The audience are left to decide amongst themselves which explanation holds merit since neither one has enough backing to be the true answer. Vanishing On 7th Street leaves much of the questions raised by the dark apocalypse around these surviving characters to be left ambiguous and unanswered which at times becomes a detriment to the narrative as a whole. It’s a testament to Brad Anderson’s direction that the film was able to move past the apparent weaknesses in Anthony Jaswinski’s script and deliver a taut thriller (the film never truly gets to the level of horror) that just builds and builds with tension from beginning to an end that seemed almost too rushed.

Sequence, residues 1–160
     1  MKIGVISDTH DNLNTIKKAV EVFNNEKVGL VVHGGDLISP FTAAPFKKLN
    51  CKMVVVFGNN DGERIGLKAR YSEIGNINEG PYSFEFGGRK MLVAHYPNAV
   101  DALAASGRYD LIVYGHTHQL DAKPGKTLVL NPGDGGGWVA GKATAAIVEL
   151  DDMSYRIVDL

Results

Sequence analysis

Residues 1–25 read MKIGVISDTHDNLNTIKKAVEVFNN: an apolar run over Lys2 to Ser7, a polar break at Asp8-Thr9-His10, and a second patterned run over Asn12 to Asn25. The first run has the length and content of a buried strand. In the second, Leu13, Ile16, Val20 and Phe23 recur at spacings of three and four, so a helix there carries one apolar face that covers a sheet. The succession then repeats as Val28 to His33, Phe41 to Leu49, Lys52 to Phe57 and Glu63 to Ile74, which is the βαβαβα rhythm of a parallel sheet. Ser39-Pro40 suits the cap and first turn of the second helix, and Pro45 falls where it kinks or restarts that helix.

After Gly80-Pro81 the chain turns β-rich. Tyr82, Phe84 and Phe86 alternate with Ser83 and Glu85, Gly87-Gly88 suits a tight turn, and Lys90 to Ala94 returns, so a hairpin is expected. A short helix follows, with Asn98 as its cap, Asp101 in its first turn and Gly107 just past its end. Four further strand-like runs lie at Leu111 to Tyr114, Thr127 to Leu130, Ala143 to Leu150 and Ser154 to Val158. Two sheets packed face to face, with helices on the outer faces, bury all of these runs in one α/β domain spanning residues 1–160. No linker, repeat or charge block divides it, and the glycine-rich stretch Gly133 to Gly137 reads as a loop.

With a low-budget and minimal cast the film tries to create some of the tension in the film be a construction of the differences between the four main characters. The actors were pretty game to try and make their characters more complex than what the script have provided, but in the end they still seem too basic for anyone of them to become sympathetic for the audience to truly care for their well-being. The film has to finally rely on just them as the last people on the planet as the main crux for the audience to latch onto. All the actors involved never become too cartoonish or stereotypical in their performance, but some of their decision-making in the middle and latter section of the film were too horror-typical, but they do add to the film’s many scenes of mounting terror as characters drop flashlights, lose light sources and other such problems with the living shadows in the darkness creeping up to try and take those still left. These scenes do look to be too stereotypical of other horror films but under Anderson’s direction there’s a palpable sense of claustrophobia and menace in these shadows.